More than a fifth would trust robots over politicians to handle Brexit negotiations

Boris Johnson (centre), alongside new Chancellor of the Exchequer Rishi Sunak (second right), Cabinet Secretary Mark...

Boris Johnson (centre), alongside new Chancellor of the Exchequer Rishi Sunak (second right), Cabinet Secretary Mark Sedwill (second left), Work and Pensions Secretary Therese Coffey (right) and Health Secretary Matt Hancock (left). Photograph: Matt Dunham/PA Wire. - Credit: PA

More than a fifth of British people would trust artificial intelligence over politicians to handle Brexit, new research suggests.

When asked about AI and politics, 22% said they would trust an AI program over politicians to handle complex negotiations such as Brexit.

However, the research, carried out by AI firm, indicated that public opinion was still conflicted on the technology - with 32% of those asked saying they consider it to be a danger to society.

More than half (57%) also said they were concerned AI would steal more human jobs than it would create.

16% said they would trust it to make a ruling in a court of law.

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Nikolas Kairinos, chief executive of said: "These results are somewhat conflicting.

"On the one hand, consumers appear willing to trust the ruthless rationality and efficiency of AI when it comes to certain tasks. However, the fear of AI 'taking over' remains rife.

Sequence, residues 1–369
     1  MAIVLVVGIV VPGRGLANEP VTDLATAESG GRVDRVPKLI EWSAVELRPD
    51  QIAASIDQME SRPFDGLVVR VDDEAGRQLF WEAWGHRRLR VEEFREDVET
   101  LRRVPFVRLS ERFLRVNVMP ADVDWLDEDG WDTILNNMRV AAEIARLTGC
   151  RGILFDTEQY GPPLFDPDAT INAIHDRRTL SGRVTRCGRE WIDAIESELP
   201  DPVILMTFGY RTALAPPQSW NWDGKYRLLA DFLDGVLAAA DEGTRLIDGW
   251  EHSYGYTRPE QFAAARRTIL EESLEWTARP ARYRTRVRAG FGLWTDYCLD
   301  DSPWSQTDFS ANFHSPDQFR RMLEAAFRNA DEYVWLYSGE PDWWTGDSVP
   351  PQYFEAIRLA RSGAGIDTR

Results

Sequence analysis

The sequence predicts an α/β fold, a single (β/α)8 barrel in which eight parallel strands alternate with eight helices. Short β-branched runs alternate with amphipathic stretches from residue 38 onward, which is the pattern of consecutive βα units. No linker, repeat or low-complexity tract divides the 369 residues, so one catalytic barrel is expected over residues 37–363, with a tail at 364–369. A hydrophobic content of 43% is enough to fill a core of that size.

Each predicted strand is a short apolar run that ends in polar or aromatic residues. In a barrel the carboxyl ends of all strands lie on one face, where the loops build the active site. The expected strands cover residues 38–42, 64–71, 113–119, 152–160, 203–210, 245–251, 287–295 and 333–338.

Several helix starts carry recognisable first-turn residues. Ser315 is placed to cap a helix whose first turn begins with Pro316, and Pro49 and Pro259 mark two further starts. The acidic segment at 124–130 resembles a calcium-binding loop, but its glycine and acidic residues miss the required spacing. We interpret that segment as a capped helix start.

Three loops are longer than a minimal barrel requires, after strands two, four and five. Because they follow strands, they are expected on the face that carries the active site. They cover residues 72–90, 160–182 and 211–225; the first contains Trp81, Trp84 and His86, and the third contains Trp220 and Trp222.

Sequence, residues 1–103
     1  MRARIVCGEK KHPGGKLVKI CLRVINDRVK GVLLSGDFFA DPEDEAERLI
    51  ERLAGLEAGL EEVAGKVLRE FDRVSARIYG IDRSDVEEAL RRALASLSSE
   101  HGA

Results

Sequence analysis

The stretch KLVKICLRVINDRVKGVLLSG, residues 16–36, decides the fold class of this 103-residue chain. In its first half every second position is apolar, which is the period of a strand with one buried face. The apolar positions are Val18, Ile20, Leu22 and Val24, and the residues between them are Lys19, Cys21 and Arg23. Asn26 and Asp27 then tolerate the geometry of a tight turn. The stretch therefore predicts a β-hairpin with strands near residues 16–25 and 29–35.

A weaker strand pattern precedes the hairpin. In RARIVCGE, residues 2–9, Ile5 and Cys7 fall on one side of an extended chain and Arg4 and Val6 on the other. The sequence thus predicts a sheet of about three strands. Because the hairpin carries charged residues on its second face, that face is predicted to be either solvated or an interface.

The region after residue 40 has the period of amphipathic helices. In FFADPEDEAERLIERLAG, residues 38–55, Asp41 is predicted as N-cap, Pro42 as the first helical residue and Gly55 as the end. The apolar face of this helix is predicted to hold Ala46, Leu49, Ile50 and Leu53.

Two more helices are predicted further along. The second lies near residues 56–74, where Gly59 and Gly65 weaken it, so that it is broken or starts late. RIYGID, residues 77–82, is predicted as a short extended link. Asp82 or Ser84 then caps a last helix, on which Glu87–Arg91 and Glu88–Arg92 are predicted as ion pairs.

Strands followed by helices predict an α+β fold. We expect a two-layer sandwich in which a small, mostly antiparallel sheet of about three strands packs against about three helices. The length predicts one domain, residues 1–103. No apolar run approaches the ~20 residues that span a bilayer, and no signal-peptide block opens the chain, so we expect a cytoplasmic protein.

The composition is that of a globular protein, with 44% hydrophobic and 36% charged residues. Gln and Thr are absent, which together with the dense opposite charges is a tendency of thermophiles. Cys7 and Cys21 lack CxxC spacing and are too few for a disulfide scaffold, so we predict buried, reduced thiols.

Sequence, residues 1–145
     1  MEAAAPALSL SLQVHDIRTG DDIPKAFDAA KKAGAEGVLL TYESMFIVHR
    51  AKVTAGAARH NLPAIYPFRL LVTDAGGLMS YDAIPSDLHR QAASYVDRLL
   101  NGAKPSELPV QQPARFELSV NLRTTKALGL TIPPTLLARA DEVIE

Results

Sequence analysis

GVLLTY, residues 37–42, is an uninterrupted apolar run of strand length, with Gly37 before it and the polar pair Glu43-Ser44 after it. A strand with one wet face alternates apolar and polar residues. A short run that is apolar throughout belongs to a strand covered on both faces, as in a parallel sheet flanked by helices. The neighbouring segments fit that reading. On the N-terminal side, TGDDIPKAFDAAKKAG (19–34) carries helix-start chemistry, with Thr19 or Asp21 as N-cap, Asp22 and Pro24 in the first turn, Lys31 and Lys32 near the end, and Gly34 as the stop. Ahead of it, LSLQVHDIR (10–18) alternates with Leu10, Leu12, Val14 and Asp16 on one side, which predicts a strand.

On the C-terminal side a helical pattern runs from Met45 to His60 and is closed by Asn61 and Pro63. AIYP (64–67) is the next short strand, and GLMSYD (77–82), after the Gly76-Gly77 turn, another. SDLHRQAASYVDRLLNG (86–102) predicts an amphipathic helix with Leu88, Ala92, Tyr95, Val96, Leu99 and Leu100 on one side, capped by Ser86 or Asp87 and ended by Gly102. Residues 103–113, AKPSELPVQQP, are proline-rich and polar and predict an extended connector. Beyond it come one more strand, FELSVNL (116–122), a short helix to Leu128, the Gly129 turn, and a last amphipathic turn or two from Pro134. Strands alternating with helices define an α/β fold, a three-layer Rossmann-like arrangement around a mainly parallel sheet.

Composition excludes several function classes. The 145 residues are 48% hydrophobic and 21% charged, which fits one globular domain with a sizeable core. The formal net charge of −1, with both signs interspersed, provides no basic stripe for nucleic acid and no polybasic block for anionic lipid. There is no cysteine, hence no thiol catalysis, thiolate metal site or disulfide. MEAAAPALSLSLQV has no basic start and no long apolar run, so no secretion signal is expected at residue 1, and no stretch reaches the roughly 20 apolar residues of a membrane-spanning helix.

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"There is still an evident knowledge gap surrounding AI. After all, the majority of consumers assume how AI is represented in films and television series is accurate.

"AI will inevitably change the world as we know it, but it will not be in the threatening way that so many people currently assume.

"In reality, AI is a useful tool that offers countless benefits to humans. We must remember that AI's full potential can only be achieved in collaboration with humans.

"That's why I'm optimistic that by entering into a partnership, humans and AI will be able to move forward and forge a productive partnership."

Earlier this week Iain Duncan Smith called for experts, rather than civil servants, to handle the Brexit negotiations.

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